Great performance, loads of features and keen design – an excellent, well-rounded contender
- Impressive, consistent speeds
- High-quality 144Hz screen
- Excellent keyboard
- Sturdy, good-looking design
- Underwhelming battery life
- Poor speakers
- Can't always exploit 144Hz screen
- Review Price: £1800
- 2.2GHz Intel Core i7-8750H processor
- Nvidia GeForce GTX 1070 8GB graphics
- 15.6in 1,920 x 1,080 144Hz screen
- 16GB DDR4 memory
- 512GB Toshiba XG3 SSD
- Windows 10 64-bit
- 2yr RTB warranty
The Asus ROG Strix Scar II is a gaming laptop that packs in plenty of portable power – alongside features that have been borrowed from the world of desktop gaming.
The combination of desktop features and laptop power is an intriguing proposition, especially for playing the latest titles at high refresh rates. But is it worth £1800 in the face of strong competition?
Asus ROG Strix Scar II – Design and Build
The lid is made from brushed aluminium, and the area around the keyboard and trackpad is divided between a carbon-fibre pattern and a camouflaged area made from different shades of grey. There are smart exhaust ports at the rear, and the screen’s bezel is pleasingly tiny.
The dark metal is augmented with a surprising number of RGB LEDs. A wide bar across the front of the machine can be configured, along with the lid’s ROG logo. The keyboard’s lighting can be altered in four zones and different lighting effects can be deployed.
It’s the same lighting that you’ll find on the Asus ROG Strix Hero II. That laptop – from the same range as the Asus ROG Strix Scar II – has the same body but at a cheaper price since its lesser specification is designed for MOBA games.
The lighting and brushed metal certainly make the Scar stand out more than its rivals. The stunning Razer Blade 15 has a black metal chassis and a glowing green lid, but no RGB LEDs. The Gigabyte Aero 15 is just as dark.
The Scar tips the scales at 2.4kg, and it’s 26mm thick. Those are the same dimensions as the other Asus machine. However, the Asus is bulkier than its other rivals: the Razer and Gigabyte systems weigh barely more than 2kg, and they’re 16.7mm and 19mm thick.
Saying that, the dimensions aren’t ruinous – especially for a gaming laptop. The Scar’s build quality is great too: the screen and its slim bezels feel sturdy, and the main bulk of the machine is strong. I’d always use a sleeve to protect a laptop’s good looks, but this machine will certainly survive frequent travel.
The Asus has solid connectivity and internal access. You’ll find the usual three USB 3.1 ports, a Type-C connector and an SD card reader. The base panel lifts away to reveal access to all of the major components and a spare memory slot.
The machine is managed by the Asus Gaming Center app. It’s a little too flashy – all bright graphics and huge dials – but it does a decent job of displaying key settings. The tool serves up all of the key clock speeds and temperatures alongside shortcuts to screen modes, audio options and gaming profiles. Android and iOS versions are available too.
Related: Best PC Games 2018
Asus ROG Strix Scar II – Keyboard & Trackpad
The keyboard is one area where Asus claims to break free from gaming laptop tropes – even though the Asus ROG Strix Scar II still uses a conventional chiclet design.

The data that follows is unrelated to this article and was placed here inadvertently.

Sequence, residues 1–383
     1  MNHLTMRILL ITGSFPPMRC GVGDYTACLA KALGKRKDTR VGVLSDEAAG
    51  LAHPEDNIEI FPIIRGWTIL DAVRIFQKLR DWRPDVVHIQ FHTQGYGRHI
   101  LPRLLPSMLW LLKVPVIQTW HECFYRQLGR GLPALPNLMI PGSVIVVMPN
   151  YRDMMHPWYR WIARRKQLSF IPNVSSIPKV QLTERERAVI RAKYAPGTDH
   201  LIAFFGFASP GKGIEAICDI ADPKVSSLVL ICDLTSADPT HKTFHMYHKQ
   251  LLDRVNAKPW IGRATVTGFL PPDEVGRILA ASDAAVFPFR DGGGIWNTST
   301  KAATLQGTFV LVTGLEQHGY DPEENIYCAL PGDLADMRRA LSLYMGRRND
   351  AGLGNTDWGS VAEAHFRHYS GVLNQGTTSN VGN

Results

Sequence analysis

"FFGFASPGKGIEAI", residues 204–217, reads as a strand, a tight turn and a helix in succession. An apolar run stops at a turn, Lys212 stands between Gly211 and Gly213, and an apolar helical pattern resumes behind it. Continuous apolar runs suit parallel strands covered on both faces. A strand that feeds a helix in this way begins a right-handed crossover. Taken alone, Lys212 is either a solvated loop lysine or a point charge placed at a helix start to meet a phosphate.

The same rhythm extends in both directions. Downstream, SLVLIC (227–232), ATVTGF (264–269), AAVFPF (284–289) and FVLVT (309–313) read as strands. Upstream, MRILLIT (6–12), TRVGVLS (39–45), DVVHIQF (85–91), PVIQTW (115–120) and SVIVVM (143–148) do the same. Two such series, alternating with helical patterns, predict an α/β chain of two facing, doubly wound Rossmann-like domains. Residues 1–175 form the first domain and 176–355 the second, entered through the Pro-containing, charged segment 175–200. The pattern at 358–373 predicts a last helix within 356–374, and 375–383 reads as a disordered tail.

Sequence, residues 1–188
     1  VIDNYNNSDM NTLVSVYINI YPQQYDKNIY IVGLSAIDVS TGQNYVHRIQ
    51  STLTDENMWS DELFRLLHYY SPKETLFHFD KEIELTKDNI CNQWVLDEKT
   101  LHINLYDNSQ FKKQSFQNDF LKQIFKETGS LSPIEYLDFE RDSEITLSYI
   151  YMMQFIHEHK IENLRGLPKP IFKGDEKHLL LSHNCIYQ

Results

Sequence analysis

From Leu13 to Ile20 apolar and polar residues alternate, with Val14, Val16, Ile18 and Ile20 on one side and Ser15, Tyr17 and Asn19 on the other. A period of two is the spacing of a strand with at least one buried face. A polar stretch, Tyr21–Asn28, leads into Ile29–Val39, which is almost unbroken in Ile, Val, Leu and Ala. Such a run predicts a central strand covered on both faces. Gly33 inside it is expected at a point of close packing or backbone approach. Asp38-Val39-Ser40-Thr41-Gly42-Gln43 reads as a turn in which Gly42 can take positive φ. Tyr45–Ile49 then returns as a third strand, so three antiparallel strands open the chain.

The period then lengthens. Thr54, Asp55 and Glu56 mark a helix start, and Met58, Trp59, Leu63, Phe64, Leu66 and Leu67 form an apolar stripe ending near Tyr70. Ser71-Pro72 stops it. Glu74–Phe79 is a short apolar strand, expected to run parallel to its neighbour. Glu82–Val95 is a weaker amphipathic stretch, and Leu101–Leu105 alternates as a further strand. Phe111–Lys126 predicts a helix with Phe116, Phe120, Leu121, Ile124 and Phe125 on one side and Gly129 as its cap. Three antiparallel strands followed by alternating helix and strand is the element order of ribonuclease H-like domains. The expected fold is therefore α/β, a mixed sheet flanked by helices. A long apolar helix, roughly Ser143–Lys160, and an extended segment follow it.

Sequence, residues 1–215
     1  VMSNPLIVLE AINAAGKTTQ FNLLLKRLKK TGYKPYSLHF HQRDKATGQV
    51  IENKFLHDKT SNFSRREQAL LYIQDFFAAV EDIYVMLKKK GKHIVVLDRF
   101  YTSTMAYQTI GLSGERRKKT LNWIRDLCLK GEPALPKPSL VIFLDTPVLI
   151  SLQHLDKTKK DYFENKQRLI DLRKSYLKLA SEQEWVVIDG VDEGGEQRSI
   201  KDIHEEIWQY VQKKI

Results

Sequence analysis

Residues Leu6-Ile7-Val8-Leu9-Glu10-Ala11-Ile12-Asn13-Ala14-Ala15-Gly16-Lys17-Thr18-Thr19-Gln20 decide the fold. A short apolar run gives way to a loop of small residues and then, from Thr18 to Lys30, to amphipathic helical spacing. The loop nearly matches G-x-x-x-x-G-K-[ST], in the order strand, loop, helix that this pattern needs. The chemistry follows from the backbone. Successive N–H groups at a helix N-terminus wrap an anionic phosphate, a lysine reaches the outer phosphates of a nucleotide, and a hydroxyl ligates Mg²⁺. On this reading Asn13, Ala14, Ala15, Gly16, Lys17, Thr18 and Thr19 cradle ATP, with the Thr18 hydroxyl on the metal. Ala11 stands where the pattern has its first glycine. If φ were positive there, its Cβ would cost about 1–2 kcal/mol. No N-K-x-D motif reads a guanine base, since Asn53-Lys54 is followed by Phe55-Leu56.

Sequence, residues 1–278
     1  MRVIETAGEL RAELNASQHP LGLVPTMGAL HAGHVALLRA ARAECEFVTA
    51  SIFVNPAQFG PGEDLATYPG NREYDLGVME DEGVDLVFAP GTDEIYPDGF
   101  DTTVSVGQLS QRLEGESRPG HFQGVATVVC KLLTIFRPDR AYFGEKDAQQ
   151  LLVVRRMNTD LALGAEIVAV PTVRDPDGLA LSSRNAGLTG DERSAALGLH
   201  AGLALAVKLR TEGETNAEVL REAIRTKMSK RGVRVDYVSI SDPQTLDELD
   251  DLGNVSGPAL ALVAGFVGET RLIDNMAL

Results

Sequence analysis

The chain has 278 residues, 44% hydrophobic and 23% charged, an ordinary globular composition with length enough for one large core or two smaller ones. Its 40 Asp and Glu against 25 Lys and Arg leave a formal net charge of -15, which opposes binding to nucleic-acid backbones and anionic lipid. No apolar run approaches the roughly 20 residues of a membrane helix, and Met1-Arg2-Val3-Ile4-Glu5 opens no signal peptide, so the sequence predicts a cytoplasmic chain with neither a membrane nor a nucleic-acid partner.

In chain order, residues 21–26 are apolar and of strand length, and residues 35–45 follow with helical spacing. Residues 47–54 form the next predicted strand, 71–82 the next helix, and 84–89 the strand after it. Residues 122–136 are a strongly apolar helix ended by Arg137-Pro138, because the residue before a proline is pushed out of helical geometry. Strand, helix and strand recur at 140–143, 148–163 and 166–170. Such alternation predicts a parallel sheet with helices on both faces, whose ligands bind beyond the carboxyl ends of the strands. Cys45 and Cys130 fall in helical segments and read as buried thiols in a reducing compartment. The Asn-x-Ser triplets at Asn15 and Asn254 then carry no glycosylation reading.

Asus says that the keyboard is based on desktop technology, which means its key-presses augment faster than normal laptop keys. The top of each button has a tiny 0.25mm depression on the surface for better grip, and the WASD keys stand out thanks to transparent plastic – just like the QWER keys on the Asus ROG Strix Hero II. You even get n-key rollover and full anti-ghosting.
The Scar does back up Asus’ claims about its speed and quality. The buttons hammer down with impressive speed, and they deliver great balance between the sharp snap needed for gaming and the comfortable action required for day-to-day use.
The buttons match their good speed with a consistent action, a quiet noise output and a firm base.
The Asus’ desktop-inspired typing gear works extremely well. If you’re playing mainstream games or certain esports titles then the Scar is easily good enough. It’s better than the Razer and Gigabyte keyboards, neither of which had quite as much travel or speed as the Scar.
However, this is still a chiclet keyboard, which means it still has issues in some scenarios. The buttons still don’t have the travel or weight of a proper mechanical keyboard, or the low-profile mechanical keyboards that some laptops use. The most enthusiastic and competitive players will notice the difference.
The layout has its foibles too. The numberpad and the cursor keys are all far too slim, and the Return key is only single height.
While the trackpad itself is good, the buttons push down too deep when compared to even cheap gaming mice. The buttons are on a hinge at the top, so their action isn’t consistent – it’s shallow and firm at the top but deep and spongy at the bottom.
The trackpad and buttons will do the job for casual gamers, but this is another area where keener players will want to default to a USB device.
Related: Best Gaming Keyboards
Asus ROG Strix Scar II – Screen & Sound Quality
The Scar is the first laptop to have a screen with a narrow bezel, a 144Hz refresh rate and a 3ms response time. That latter figure is great for competitive gaming, because it means that there’s less chance of ghosting as the action quickly moves around the screen. If you’re especially into esports or fast-paced games and want to play at a high standard, it’s a welcome addition.
The 144Hz refresh rate means games can run at up to 144fps and that the screen will be able to keep up when it comes to rendering frames.
That refresh rate is matched by the other Asus laptop and the Razer and Gigabyte machines, and it means that gaming will be smooth and fluid – and you’ll get better results as framerates head past 100fps and towards 144fps.
However, just like its rivals, the Scar doesn’t have any syncing technology – so the GPU’s frames won’t be perfectly synchronised to the screen’s refresh rate. That’ll mean a little less smoothness compared to laptops that do have syncing, but in real-world play gaming will still be very smooth on this laptop and the vast majority of players won’t notice the difference.
Beyond its game-friendly features, the Asus has solid quality levels. Its brightness level of 331 nits is good for all situations, and the black level of 0.26 nits is solid. They combine for a measured contrast of 1,273:1. That’s high enough to ensure vibrancy and depth across the whole range and in all gaming and movie-watching situations.
That contrast figure is better than the Razer, which means the Scar’s screen will have more punch than the Blade 15.